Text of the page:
Our parents always told us “don’t play with your food.” Yeah, well, I’m over 50 now, and I’ll play with my food when I want to. Particularly if that food is a pumpkin.
With Halloween upon us tomorrow night, we’ll definitely need a pumpkin pie. With Michelle’s imminent departure the next day, I’d need some good, quick, simple meals. Slabs of baked pumpkin fit that bill nicely. So, it made sense to butcher at least one of the pumpkins currently around the homestead.
We have five. Two of them we raised in our garden—not in the greenhouse, but outside.
My paternal grandfather gardened in western Washington, south of Seattle. Each year he’d grow small pumpkins on which he would scratch the names of his grandchildren early enough that the name would become a scar on the squash, reliably on the less attractive side, opposite to where we’d carve the face.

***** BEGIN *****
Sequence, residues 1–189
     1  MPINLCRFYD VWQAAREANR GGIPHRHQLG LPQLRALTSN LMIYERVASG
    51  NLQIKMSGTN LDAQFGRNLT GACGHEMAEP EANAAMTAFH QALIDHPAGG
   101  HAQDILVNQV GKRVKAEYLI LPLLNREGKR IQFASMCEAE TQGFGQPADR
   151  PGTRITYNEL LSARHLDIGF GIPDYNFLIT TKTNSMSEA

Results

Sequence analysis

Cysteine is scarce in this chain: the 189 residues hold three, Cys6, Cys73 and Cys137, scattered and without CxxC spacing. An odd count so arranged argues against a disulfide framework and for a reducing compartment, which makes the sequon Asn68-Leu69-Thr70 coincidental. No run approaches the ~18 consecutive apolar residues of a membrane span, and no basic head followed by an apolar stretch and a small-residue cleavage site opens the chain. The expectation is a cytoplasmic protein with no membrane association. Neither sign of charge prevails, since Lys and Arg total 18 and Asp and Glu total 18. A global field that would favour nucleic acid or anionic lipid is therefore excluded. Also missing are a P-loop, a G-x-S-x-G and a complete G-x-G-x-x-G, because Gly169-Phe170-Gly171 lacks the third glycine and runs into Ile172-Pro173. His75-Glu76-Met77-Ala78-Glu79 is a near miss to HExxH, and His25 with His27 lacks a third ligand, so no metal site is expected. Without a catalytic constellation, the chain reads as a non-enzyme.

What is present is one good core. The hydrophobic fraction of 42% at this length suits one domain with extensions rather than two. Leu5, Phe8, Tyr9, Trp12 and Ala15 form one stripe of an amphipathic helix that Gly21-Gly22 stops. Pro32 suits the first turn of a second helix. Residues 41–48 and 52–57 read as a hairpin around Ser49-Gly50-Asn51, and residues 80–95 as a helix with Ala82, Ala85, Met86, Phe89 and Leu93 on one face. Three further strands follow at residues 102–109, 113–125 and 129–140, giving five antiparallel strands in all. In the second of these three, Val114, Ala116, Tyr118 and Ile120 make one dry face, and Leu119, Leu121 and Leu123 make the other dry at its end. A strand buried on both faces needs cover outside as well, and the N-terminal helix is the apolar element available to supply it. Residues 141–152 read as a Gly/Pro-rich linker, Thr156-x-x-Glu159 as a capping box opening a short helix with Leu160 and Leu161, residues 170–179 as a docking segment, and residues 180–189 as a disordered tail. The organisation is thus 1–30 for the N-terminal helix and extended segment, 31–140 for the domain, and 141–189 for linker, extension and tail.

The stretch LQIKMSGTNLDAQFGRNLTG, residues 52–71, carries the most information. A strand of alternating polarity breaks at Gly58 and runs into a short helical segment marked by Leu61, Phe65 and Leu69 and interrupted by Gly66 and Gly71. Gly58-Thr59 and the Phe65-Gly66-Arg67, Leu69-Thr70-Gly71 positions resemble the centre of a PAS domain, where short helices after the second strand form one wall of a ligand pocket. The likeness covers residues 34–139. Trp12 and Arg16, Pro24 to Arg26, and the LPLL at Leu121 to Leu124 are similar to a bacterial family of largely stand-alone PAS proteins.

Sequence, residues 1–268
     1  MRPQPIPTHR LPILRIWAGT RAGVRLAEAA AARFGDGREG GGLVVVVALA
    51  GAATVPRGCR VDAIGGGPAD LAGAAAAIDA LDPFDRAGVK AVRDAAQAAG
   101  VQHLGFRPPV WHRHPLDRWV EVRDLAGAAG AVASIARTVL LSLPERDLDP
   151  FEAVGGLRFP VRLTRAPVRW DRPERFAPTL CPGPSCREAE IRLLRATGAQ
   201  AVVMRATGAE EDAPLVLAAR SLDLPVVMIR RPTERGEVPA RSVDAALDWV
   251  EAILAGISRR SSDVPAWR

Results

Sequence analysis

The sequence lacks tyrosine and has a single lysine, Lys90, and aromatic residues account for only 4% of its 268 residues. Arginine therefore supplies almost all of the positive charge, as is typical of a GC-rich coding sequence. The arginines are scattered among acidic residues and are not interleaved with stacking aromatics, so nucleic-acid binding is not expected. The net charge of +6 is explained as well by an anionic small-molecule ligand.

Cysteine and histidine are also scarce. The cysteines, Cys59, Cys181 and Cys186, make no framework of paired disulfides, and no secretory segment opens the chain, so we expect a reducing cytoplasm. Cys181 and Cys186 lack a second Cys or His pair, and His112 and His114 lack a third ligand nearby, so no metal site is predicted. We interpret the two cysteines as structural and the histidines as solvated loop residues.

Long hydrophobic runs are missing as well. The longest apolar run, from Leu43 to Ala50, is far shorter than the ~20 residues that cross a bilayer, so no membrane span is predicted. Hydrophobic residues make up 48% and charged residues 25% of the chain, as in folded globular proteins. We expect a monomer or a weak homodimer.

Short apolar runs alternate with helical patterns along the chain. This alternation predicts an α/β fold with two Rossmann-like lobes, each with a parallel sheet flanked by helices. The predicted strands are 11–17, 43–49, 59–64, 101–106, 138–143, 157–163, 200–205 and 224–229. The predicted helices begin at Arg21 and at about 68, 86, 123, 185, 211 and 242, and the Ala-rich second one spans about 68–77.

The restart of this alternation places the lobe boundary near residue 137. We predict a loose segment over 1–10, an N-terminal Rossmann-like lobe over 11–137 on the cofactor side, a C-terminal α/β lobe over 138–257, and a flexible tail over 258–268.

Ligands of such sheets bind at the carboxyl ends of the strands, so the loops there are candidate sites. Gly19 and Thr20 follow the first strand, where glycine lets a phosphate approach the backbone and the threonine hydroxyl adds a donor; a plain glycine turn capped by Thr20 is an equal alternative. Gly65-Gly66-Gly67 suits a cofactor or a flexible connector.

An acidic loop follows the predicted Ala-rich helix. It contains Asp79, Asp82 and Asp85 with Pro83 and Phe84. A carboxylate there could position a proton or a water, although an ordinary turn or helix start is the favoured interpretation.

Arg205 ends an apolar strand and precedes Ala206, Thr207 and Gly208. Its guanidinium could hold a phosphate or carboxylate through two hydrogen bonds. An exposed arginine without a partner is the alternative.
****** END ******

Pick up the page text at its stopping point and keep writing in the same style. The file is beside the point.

I’d have to ask about this; when I remember him doing this, he would have had 12 grandchildren to supply with pumpkins, which would have been a lot for his suburban backyard garden, as magical a place as it was. Perhaps he only did this for his three Alaskan grandchildren, my brother, sister, and me, who lived where pumpkins supposedly could not grow.
Since then, we’ve seen pumpkins grow in Alaska, in the community garden in Juneau. Michelle has grown pumpkins on the homestead, in the greenhouse or outside, almost every year we’ve been here. We’ve generally don’t carve them into Jack o’ lanterns—they’re far too precious for that. We carved pumpkins from town, and saved our homegrowns for later, sometimes through the following winter into spring.
Last night, just before I usually go to bed, I began fiddling with one of the town pumpkins. I felt like I was doodling with a knife—none of the careful consideration and planning I’m used to lavishing on a Jack o’ lantern. Like I said before, Halloween is different this year. But, I’m pleased with the results.
It’s hard to say how long this will last. Maybe it’ll light the homestead on Halloween night. Or, it’ll fill our stomachs with soup, or pie, or perhaps both. We’ll see.